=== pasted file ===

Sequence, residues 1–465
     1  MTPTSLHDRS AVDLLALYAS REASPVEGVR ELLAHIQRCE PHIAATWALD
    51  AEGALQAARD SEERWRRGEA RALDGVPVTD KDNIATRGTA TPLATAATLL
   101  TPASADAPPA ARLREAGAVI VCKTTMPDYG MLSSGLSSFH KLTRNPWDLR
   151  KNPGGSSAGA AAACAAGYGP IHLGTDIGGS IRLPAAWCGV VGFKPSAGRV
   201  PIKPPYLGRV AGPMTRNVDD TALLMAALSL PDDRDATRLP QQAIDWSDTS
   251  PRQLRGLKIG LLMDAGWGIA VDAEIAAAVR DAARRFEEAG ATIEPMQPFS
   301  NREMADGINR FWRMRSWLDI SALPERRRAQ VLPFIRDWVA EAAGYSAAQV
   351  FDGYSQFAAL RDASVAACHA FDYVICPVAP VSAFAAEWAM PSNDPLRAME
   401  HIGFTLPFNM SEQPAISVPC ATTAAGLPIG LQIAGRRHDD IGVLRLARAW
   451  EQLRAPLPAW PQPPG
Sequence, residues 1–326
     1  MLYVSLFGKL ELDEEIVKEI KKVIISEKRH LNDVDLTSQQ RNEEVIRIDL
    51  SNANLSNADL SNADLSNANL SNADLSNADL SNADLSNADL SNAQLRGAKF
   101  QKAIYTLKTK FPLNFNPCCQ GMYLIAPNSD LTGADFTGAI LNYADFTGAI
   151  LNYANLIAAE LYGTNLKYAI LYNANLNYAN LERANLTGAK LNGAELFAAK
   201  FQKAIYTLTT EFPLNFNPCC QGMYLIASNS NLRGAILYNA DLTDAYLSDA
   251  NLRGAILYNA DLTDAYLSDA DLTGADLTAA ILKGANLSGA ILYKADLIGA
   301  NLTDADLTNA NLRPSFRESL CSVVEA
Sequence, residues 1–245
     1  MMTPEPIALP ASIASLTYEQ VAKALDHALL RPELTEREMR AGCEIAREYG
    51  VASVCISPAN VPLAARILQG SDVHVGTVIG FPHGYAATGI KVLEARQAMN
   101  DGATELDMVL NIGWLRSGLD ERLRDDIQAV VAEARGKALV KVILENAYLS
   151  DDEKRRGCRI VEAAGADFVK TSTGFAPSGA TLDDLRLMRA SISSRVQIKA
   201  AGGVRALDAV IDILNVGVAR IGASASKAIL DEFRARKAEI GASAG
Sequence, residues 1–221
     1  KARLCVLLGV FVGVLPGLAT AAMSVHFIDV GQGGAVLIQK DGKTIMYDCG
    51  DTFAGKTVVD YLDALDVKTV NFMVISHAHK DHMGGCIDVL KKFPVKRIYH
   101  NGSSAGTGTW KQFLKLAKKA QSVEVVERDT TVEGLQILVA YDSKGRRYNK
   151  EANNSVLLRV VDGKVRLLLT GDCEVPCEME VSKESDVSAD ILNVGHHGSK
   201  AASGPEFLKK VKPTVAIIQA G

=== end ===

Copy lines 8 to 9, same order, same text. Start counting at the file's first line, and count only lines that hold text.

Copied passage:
   301  NREMADGINR FWRMRSWLDI SALPERRRAQ VLPFIRDWVA EAAGYSAAQV
   351  FDGYSQFAAL RDASVAACHA FDYVICPVAP VSAFAAEWAM PSNDPLRAME